Walma van der Molen, J. H., and Van Der Voort, T. H. (2000). Children’s and adults’ recall of television and print news in children’s and adult news formats. Commun. Res. 27, 132–160. doi: 10.1177/009365000027002002
Yoo, J. W., Lee, D. R., Sim, Y. J., You, J. H., and Kim, C. J. (2014). Effects of innovative virtual reality game and EMG biofeedback on neuromotor control in cerebral palsy. Biomed. Mater. Eng. 24, 3613–3618. doi: 10.3233/BME-141188
Youngblut, C., and Huie, O. (2003). The Relationship between presence and performance in virtual environments: results of a VERTS study. Proceedings of the IEEE Virtual Reality Conference, 2003 Washington, DC: IEEE Computer Society. doi: 10.21236/ADA427495
Yusoff, A., Crowder, R., Gilbert, L., and Wills, G. (2009). A Conceptual Framework For Serious Games. Proceedings of the ICALT 2009, 9th IEEE International Conference on Advanced Learning Technologies, eds I. Aedo, N. S. Chen, K. D. Sampson, L. Zaitseva (Southampton: University of Southampton), 21–23. doi: 10.1109/ICALT.2009.19
Zickefoose, S., Hux, K., Brown, J., and Wulf, K. (2013). Let the games begin: a preliminary study using Attention Process Training-3 and LumosityTM brain games to remediate attention deficits following traumatic brain injury. Brain Inj. 27, 707–716. doi: 10.3109/02699052.2013.775484
Keywords: spatial navigation, acquired brain injury, usability, serious game, rehabilitation, cognitive training
Citation: van der Kuil MNA, Visser-Meily JMA, Evers AWM and van der Ham IJM (2018) A Usability Study of a Serious Game in Cognitive Rehabilitation: A Compensatory Navigation Training in Acquired Brain Injury Patients. Front. Psychol. 9:846. doi: 10.3389/fpsyg.2018.00846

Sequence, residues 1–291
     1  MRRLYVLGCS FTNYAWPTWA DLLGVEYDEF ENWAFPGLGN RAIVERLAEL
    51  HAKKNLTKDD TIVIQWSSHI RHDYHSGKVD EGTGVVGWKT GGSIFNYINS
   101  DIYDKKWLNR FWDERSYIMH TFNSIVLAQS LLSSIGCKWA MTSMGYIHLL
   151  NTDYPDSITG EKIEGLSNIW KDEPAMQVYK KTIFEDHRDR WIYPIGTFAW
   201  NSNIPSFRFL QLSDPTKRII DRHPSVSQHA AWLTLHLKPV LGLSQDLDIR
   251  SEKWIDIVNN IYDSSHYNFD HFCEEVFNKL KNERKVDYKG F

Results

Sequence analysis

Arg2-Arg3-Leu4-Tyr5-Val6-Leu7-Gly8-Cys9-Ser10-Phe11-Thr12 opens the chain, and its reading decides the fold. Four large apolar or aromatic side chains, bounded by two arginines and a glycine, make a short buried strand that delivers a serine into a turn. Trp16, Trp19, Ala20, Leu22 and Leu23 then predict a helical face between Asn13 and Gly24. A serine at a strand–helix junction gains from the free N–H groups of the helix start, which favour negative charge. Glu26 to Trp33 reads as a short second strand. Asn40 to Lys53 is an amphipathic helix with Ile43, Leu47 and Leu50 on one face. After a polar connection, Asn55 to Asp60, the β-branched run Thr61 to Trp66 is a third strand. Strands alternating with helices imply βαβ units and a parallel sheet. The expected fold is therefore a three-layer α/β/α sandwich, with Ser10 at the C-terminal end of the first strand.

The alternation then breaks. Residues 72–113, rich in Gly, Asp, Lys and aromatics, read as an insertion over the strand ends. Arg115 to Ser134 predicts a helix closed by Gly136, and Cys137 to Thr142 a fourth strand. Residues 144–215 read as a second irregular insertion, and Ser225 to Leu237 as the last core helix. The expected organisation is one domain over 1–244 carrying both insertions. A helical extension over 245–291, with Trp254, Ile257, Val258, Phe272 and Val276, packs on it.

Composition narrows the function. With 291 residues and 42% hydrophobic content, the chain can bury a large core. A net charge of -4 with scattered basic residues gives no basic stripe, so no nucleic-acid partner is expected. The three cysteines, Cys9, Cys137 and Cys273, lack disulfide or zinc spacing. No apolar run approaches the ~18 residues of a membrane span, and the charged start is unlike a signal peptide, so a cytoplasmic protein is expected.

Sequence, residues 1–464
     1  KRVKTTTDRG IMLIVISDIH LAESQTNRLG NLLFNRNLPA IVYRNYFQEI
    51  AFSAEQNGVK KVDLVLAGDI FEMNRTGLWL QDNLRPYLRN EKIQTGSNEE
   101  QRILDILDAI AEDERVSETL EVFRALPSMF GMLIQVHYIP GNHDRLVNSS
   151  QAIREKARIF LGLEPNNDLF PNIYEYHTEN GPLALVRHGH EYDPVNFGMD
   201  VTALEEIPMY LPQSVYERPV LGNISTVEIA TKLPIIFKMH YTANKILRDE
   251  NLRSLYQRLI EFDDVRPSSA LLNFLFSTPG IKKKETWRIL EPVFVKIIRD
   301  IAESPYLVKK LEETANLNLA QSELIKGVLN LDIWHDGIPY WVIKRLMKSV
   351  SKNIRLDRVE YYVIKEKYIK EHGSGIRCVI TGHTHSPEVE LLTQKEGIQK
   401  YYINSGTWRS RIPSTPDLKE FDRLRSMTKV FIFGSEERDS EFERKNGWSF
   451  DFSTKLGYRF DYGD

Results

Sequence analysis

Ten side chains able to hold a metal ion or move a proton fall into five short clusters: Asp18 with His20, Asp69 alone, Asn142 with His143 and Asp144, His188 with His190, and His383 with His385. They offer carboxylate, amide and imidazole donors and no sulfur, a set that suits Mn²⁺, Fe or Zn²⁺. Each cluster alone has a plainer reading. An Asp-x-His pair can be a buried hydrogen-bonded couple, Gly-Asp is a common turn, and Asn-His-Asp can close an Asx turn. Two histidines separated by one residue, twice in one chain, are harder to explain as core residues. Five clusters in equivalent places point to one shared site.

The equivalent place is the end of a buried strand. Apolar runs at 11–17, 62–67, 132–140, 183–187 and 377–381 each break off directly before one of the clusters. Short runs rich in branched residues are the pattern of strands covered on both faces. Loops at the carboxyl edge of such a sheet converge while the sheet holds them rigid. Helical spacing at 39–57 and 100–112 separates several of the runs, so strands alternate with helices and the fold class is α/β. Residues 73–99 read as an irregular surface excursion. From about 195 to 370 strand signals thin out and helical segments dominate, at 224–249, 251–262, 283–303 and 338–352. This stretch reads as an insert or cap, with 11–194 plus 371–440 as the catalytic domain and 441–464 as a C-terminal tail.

Received: 01 February 2018; Accepted: 11 May 2018;
Published: 05 June 2018.
Edited by:Amon Rapp, Università degli Studi di Torino, Italy
Reviewed by:Beatrix Vereijken, Norwegian University of Science and Technology, Norway
Laura Forcano, Institut Hospital del Mar d’Investigacions Mèdiques (IMIM), Spain
Copyright © 2018 van der Kuil, Visser-Meily, Evers and van der Ham. This is an open-access article distributed under the terms of the Creative Commons Attribution License (CC BY). The use, distribution or reproduction in other forums is permitted, provided the original author(s) and the copyright owner are credited and that the original publication in this journal is cited, in accordance with accepted academic practice. No use, distribution or reproduction is permitted which does not comply with these terms.
*Correspondence: Milan N. A. van der Kuil, firstname.lastname@example.org